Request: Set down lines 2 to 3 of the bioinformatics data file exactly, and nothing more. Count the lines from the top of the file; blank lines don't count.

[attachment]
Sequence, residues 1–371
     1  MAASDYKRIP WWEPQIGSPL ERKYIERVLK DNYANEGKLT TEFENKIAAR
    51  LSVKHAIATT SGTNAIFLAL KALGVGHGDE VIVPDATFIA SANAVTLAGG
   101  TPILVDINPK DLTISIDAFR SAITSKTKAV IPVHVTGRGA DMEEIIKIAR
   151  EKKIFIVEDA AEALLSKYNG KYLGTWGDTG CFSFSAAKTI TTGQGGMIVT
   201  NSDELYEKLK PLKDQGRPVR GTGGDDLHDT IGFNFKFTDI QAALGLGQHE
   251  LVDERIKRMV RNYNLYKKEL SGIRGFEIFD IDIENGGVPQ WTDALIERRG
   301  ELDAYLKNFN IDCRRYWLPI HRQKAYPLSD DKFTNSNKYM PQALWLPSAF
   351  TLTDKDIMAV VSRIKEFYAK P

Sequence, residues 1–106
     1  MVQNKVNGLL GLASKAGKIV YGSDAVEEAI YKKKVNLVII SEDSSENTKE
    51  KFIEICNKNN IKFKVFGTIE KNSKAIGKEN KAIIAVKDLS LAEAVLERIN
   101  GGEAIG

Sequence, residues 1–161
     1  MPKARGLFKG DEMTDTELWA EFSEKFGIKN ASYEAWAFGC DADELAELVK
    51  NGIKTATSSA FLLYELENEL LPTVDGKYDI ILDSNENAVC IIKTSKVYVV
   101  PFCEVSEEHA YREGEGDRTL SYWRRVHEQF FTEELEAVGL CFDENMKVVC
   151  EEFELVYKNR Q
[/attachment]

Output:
     1  MAASDYKRIP WWEPQIGSPL ERKYIERVLK DNYANEGKLT TEFENKIAAR
    51  LSVKHAIATT SGTNAIFLAL KALGVGHGDE VIVPDATFIA SANAVTLAGG